The Packer defense could be an elite unit this year. The one area that could potentially hold it back is the play of its starting safeties. This was on display for all to see on Saturday night, when Seattle quarterback Seneca Wallace broke the pocket and rolled to his right to avoid pressure. Spotting a backside receiver, Wallace made a throw back across the field, the kind of throw every coach in football tells you never to throw, the kind of throw that is intercepted almost every time in the NFL. Except against the Packers. Nick Collins, the supposed 'good one' in the safety rotation, had overrun the backside of the play, leaving a wide open receiver to come along and grab the floating football from the air. To add insult to injury, the Packers secondary then decided to treat us all to their own adaptation of the Keystone Cops, as one knocked another off of the tackle, leaving the wideout free to run for another20 yards or so before being caught from behind.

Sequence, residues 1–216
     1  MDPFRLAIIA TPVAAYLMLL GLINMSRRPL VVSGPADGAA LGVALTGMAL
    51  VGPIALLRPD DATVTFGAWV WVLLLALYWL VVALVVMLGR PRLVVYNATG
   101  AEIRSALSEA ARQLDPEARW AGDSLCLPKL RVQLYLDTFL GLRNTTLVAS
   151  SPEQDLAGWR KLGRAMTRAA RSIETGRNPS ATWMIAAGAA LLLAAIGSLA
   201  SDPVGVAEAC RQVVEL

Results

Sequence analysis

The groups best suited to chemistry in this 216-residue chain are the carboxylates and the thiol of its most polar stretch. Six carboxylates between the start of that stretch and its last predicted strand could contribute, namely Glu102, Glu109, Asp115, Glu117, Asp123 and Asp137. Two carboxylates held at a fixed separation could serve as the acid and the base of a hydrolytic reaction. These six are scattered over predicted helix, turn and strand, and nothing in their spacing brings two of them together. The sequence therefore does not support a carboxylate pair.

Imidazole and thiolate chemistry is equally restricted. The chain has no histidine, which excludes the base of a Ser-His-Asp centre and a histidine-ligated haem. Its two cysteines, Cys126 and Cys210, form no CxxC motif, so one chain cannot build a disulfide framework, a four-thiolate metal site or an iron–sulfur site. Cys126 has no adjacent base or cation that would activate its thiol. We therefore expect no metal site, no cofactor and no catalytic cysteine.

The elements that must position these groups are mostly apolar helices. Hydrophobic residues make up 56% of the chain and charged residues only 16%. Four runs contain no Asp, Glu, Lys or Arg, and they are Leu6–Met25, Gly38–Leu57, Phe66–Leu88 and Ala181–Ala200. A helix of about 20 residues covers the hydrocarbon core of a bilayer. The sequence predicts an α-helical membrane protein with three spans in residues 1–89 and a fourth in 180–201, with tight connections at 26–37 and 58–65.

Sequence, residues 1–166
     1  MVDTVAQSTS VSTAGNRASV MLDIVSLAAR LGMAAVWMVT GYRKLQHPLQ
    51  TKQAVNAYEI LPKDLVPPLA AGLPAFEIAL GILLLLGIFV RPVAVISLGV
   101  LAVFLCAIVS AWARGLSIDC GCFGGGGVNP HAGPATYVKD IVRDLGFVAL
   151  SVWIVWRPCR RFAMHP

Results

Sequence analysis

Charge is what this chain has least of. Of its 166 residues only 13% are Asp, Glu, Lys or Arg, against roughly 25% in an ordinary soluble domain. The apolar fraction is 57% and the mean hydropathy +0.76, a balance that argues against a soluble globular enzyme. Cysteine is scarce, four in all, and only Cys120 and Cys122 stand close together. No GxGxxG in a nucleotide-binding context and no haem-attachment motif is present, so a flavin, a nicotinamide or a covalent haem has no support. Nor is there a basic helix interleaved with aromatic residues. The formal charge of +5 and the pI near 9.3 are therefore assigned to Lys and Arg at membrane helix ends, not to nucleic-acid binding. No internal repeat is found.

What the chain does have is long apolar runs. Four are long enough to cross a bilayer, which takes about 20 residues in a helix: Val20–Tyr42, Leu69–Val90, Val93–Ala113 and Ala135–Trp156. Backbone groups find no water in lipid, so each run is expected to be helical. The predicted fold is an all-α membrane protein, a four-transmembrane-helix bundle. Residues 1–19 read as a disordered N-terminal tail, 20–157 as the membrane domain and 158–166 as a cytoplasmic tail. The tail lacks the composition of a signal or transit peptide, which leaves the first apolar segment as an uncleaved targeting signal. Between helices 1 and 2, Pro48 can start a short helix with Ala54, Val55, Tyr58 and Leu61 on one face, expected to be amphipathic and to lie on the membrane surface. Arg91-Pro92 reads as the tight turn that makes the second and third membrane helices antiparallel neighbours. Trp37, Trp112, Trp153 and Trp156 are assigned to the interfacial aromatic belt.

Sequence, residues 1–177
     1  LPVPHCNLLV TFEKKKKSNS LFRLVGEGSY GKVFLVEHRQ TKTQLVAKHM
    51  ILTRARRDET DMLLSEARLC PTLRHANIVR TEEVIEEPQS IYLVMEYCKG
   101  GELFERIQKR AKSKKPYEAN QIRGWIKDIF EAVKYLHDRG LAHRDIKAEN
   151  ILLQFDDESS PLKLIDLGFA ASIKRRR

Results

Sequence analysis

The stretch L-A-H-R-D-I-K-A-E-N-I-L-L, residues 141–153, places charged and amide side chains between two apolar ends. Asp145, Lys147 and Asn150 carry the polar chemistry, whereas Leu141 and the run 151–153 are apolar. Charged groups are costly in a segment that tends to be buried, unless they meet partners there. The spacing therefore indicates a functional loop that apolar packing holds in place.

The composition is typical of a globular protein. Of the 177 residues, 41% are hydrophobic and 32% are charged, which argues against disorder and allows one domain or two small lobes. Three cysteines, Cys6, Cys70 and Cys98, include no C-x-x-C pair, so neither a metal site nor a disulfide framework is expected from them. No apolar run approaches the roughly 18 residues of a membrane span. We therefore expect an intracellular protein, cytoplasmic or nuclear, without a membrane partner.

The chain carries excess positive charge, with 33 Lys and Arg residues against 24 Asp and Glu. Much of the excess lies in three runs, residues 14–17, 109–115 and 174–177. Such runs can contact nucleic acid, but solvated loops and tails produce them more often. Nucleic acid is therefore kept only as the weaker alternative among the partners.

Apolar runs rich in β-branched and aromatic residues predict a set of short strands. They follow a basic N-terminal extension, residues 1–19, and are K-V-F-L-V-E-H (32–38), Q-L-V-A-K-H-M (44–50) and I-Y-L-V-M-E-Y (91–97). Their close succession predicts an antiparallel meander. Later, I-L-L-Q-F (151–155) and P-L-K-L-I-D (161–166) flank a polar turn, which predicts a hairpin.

This comic display is the kind of thing one never sees from perennial defensive powerhouses like Baltimore, New England or Philadelphia, and it points out once again the deficiency in the coaching of the defensive backfield. Kurt Schottenheimer is on his second stint in that position. His secondary was legendarily bad in 2004. Last year was almost as bad. If his unit continues to struggle, the Packers need to give serious thought to letting him go.
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